Aborigines

The Voice and its Ten Glaring Pitfalls

Alistair Crooks

The past is a good teacher for those prepared to learn. As a new round of talk concerning an Aboriginal “Voice” to Canberra warms up, here are 10 fundamental rules and warnings history can tell us about the Voice even before the referendum has been called.

AXIOM 1: The failure to deliver the promised Voice is, and may well continue to be, an on-going source of resentment in the Aboriginal population. In traditional Aboriginal culture “kinship obligations” are a fundamental part of the social glue and cannot be avoided without considerable offence. In Aboriginal eyes the making of an offer, even if a conditional offer, is interpreted as both the acknowledgement of a pre-existing debt and the obligation to repay that debt in a timely manner. The failure to deliver the Voice, like the failure to meet kinship obligations, can become a source of ongoing resentment in Aboriginal communities.

Governments, creating and feeding an unrealized and maybe unrealistic expectation for a Voice with the botched non-implementation of a half-baked policy thought bubble are simply adding to the so-called “intergenerational trauma” they claim to be trying to address.

I might here suggest that the more the government tries to fill in the detail of its thought bubble, the less likely it is for the referendum to pass.  The Voice has already been so over-sold to Aborigines by politicians, the media and their ilk that there likely will be trouble if the Voice referendum is unsuccessful. There is a whole world of disappointment and resentment there to be mined.

AXIOM NUMBER 2: We know that the wording of the referendum on the Voice will be couched in the vaguest possible terms in order not to frighten the voters with the full implications of what they are deciding.  We also know that immediately after the decision has been made — I’m assuming here for the sake of argument that the referendum will actually pass — the decision will be handed over to left-leaning academic Constitutional lawyers who will then be invited to interpret the result and tell us what we all actually just voted for and what it all actually means in practice.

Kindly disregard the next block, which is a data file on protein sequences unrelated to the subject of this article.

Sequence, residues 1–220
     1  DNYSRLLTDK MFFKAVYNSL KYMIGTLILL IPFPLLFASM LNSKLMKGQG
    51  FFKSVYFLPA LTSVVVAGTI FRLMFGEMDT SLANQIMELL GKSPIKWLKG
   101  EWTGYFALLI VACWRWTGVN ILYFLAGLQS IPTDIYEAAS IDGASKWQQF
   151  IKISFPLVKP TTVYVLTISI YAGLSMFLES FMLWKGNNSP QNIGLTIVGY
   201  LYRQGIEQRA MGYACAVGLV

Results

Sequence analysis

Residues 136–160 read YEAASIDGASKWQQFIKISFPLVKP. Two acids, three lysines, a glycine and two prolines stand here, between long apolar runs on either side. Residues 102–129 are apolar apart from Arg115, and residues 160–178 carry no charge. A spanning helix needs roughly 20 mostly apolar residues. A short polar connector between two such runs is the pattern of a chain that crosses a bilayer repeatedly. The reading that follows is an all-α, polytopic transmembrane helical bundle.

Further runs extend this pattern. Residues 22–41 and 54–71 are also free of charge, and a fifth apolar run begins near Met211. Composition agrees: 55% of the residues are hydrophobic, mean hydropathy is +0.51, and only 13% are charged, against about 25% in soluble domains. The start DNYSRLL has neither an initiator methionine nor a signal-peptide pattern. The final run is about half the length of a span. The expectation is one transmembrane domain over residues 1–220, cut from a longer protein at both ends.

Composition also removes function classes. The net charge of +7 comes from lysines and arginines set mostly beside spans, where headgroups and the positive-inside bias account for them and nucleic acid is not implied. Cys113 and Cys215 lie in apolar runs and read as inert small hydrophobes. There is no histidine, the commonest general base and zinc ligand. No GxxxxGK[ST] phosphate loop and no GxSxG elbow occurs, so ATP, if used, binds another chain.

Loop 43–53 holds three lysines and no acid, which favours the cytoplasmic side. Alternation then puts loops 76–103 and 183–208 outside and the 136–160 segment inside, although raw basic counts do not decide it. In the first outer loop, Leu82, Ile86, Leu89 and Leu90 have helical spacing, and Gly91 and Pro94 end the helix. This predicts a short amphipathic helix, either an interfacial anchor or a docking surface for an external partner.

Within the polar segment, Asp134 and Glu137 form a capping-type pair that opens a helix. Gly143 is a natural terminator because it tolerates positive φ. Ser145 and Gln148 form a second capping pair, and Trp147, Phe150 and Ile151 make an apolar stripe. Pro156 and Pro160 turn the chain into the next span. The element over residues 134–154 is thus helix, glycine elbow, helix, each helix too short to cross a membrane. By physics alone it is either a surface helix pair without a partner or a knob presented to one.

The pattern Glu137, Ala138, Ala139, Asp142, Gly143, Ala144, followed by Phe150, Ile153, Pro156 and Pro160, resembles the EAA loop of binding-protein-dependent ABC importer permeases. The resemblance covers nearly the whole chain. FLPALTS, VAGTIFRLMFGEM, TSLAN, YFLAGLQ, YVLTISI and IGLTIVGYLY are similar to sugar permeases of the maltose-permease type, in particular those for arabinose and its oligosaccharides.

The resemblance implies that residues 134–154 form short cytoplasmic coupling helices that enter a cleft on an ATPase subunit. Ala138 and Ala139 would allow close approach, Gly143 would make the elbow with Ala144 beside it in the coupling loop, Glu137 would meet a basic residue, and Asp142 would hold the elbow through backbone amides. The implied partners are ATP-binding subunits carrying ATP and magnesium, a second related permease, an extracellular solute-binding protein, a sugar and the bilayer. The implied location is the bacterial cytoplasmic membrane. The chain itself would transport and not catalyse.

These learned friends will find that, however vague the original wording of the referendum question, the “Yes” vote will provide an implied right for Aborigines to have an effectively equal and separate House of Parliament, not to mention sovereignty, treaties and, in all probability, compensation. The more vague the referendum’s wording the easier it will be to extract implication. One can already imagine that these lawyers will invest way more of their intellectual energies finding benefit for the Voice than looking for any counter arguments that might provide succor for the general Australian taxpayer.

AXIOM 3:  The first item on the Aboriginal “Voice” agenda will be to demand that the Voice has the same effective status as the other Houses of Parliament.  To deny equality may well be seen by Aborigines as racist and discriminatory and a sell-out of the whole concept of the Voice — a betrayal of their legitimate expectations (see Axiom #1). The significance of the Voice has been so over-sold to Aborigines that there may well be trouble if this condition is not met.  There is a whole world of disappointment and resentment to be mined here.

AXIOM 4:   The second item on the agenda will be to demand that members of the Voice chamber receive parity in regard to wages and allowances with members of the House and Senate.  To deny equality with respect to this may well be seen as racist, discriminatory and a sell-out of the whole Voice concept. The Voice has been so over-sold to Aborigines that there may well be trouble if this condition is not met. There is a whole world of disappointment and resentment to be mined here.